For what its worth I don't eat much when I'm hiking, not every day of course, on some days I feel ravenous. I have been known to buy 6 plain yogurts and eat them one after the other, or buy a large can of Ambrosia custard or rice pudding and eat the lot. I do not cook when hiking, do not have breakfast only water, but on odd days will have a choccy bar or munch a few nuts as I stroll. I like to save myself for the evening. find a pub or restaurant, beer, wine a good meal, linger a while, then find my tent and sleep.

As for advice, something that people (some consider themselves experts in their field) have given me all my life. I listen, if it makes sense OK, if not I tend to ignore it.

Welsh Rambler

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Re: Difficulty Eating on Long Walks
« Reply #3 on: 20:55:03, 26/05/18 »
If you are worried that things are not right go and have a check up with the doctor. They can find out a lot about your health from a blood and water samples. For the sake of an appointment don't let it spoil your enjoyment from walking.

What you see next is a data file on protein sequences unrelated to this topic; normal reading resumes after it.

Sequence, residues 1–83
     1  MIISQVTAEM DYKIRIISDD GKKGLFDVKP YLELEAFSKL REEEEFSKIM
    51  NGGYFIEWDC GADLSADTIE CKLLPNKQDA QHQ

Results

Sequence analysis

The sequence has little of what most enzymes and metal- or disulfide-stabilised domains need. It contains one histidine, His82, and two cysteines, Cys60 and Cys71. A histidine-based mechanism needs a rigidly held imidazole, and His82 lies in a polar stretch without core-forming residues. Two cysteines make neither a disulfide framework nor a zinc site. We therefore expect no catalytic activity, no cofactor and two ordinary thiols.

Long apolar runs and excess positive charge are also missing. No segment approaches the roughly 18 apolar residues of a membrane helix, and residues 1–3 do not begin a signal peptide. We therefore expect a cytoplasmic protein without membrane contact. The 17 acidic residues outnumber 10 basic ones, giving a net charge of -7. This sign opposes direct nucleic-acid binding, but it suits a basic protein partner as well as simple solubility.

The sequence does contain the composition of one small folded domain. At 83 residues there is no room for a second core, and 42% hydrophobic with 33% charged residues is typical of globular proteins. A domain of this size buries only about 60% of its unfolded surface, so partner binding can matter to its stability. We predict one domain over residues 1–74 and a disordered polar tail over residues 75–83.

Regards Keith

dank86

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Re: Difficulty Eating on Long Walks
« Reply #4 on: 21:20:04, 26/05/18 »
I'm similar but with cycling, I can happily cycle 80 miles on a cup of coffee and a sandwich before I leave. I'll drink while I'm going to keep fluids up.

It's fairly common amount my cycling friends and we think it's something to do with energy expenditure. To digest food takes energy and if our bodies are calling for all available energy then digestion isnt going to be efficient and is likely to cause issues and slow you down.

When I'm hiking though I can eat to my heart's content (when I remember to eat).

The cold, shakes and faint feelings is very likely to be low blood sugar. When you stop walking your body starts to focus on its other needs rather than keeping you going then it suddenly realises you need food fast hence the pig out

BuzyG

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Re: Difficulty Eating on Long Walks
« Reply #5 on: 22:13:05, 26/05/18 »
I seldom feel hungry when walking, I tend to graze as I'm moving along. On long days I do stop for lunch. Usually a sandwich? Be sure to drink plenty of fluids, especially in hot weather. When I get a bit dehydrated I lose my appitite completely, lose energy and can feel dizzy.  Time for more fluids.

Ridge

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Re: Difficulty Eating on Long Walks
« Reply #6 on: 22:56:08, 26/05/18 »